Phone: 02-200-9000 ext. 2499
D'Sens, 22/F, Dusit Thani Hotel, 946 Silom Rd., Bangkok, Thailand
Nearest Train:MRT Silom
Opening Hours:Mon-Sat 11:30am-2:30pm, 6:30-10pm
Reservation recommended, Parking available, Dress requirements: Smart Casual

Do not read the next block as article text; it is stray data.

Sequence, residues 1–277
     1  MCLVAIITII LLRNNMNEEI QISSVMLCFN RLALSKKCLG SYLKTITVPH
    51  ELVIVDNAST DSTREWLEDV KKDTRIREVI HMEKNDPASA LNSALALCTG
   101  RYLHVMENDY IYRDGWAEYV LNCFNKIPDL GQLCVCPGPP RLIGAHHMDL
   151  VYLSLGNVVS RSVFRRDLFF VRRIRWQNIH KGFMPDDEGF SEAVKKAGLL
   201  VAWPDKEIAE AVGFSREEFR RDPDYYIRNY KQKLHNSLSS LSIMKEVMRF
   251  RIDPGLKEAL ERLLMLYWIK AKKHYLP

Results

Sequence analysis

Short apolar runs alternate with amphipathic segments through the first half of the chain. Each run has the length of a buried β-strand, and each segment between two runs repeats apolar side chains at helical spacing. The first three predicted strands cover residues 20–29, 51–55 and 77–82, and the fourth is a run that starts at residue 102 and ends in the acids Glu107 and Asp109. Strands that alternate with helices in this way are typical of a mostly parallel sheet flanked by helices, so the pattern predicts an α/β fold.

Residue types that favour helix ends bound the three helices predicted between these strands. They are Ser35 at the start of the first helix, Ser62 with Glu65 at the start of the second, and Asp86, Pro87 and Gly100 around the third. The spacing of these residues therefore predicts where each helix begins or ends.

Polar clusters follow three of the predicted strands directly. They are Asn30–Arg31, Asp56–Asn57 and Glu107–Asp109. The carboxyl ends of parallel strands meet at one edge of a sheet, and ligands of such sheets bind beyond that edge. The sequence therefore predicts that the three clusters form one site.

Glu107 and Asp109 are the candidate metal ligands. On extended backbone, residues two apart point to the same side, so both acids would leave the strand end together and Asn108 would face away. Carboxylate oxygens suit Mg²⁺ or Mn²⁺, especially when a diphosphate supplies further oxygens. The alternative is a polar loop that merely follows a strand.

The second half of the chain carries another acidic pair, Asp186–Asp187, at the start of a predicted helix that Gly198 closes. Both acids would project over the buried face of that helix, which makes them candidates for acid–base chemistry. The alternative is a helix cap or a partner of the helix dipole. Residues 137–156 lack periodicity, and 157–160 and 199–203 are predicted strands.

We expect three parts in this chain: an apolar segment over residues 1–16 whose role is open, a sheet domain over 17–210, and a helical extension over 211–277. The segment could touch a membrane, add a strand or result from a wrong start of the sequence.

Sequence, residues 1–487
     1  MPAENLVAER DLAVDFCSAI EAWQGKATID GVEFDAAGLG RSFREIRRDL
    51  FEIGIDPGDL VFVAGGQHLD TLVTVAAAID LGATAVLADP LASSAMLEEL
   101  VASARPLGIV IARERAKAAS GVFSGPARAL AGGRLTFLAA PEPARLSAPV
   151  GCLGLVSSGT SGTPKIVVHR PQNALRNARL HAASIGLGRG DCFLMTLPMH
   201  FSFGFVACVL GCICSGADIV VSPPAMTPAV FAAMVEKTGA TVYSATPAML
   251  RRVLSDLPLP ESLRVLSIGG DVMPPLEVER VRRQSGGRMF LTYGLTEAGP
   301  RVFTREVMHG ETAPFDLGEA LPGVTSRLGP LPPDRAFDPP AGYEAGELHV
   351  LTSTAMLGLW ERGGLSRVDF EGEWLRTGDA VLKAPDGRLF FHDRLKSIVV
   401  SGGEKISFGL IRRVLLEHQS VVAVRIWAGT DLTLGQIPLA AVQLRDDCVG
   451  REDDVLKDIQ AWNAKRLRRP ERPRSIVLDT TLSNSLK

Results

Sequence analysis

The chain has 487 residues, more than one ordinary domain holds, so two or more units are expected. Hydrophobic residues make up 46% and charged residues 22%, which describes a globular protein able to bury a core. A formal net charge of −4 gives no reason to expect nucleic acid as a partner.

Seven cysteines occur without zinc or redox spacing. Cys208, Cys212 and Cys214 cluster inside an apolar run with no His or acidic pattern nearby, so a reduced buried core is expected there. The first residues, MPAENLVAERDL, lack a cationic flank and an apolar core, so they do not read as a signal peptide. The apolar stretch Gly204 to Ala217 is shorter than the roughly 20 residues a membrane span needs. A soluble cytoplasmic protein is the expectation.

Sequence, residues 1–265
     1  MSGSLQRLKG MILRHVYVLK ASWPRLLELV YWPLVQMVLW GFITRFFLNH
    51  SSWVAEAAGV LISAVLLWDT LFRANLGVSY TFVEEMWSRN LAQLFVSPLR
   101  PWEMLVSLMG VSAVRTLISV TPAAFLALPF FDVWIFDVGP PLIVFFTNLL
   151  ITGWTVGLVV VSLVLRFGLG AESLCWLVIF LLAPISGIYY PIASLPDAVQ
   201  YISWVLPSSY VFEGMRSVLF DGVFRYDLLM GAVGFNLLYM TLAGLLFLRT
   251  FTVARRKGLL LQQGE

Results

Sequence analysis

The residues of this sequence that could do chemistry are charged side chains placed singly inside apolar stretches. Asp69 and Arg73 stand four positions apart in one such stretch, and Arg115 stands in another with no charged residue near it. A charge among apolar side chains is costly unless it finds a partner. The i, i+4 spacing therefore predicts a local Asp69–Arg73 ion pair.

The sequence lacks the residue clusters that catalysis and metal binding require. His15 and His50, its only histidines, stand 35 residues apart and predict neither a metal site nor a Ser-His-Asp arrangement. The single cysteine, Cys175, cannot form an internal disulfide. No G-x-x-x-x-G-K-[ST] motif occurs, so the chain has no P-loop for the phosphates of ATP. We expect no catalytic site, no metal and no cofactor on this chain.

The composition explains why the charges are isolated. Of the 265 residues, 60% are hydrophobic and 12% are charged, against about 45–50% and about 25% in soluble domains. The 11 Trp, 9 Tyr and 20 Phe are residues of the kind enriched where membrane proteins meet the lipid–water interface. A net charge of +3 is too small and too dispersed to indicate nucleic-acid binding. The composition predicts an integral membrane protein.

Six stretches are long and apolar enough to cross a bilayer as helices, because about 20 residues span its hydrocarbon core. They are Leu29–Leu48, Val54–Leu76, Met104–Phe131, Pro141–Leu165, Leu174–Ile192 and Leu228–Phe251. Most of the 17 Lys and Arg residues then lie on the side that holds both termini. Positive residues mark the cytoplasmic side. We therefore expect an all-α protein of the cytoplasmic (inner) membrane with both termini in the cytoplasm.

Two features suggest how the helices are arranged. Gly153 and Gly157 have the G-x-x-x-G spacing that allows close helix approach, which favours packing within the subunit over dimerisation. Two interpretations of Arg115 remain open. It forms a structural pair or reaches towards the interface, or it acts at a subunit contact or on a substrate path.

While Singapore and Hong Kong have more Ducasse and Robuchon spin-offs than you can wave a chef’s hat at, Bangkok can only count D’Sens as a proper Michelin-star annex, of a pair of two-star chefs, the Pourcel brothers, from the Jardin des Sens in France. Still, we had our issues in the past with Dusit’s flagship restaurant: the prices, the excessive modernity (every single dish seemed to come with either some sort of spherization or, most often, a cloud of emulsified wispiness) and a deserted dining room. That’s all history. This new menu is their boldest yet, the modernity is better balanced and dinner starts at B1,700 for a menu decouverte—which is at last attracting a few younger, cooler people, and turning our affection to full-on amour. Chef Julien Lavigne rolls out a complex, creative cuisine that feels effortless and natural. The dishes might have impossibly long descriptions, but there’s always a clear lead actor—usually wonderful, well-chosen meats and fishes, like fresh, plump Hokkaido scallops and tender, flavorful duck Challans (B1,600 or as part of the highly recommended B2,900 six-course set). The other ingredients support the star without overpowering it: the mousse infused with bacon lends meatiness to the frog legs, the lemon jus cuts the fattiness of the lamb chop, fennel and an ever-so-slightly sweet orange marmalade bring a tinge of sweet and sour to the duck. This is nothing short of a high-wire act and we can guarantee some dishes will have you swooning back in your chairs with your hands on your hearts. (In our case, it was the aforementioned grilled Hokkaido scallops and Parma ham, baked spinach and meat jus with condiments, B980). Service is impeccable, making the equally knowledgeable Thai and French maitres d’ perhaps a bit redundant. As for the décor, D’Sens’ space age furniture will not sit well with those who can only have their confit in a fake Louis XIV chair, but we’re fans, particularly of the control tower views of Lumpini Park. Our greatest fear now is that Chef Julien, like so many of Bangkok’s young bright chefs, will soon grow tired of our humble city and head off to the brighter culinary lights of Singapore.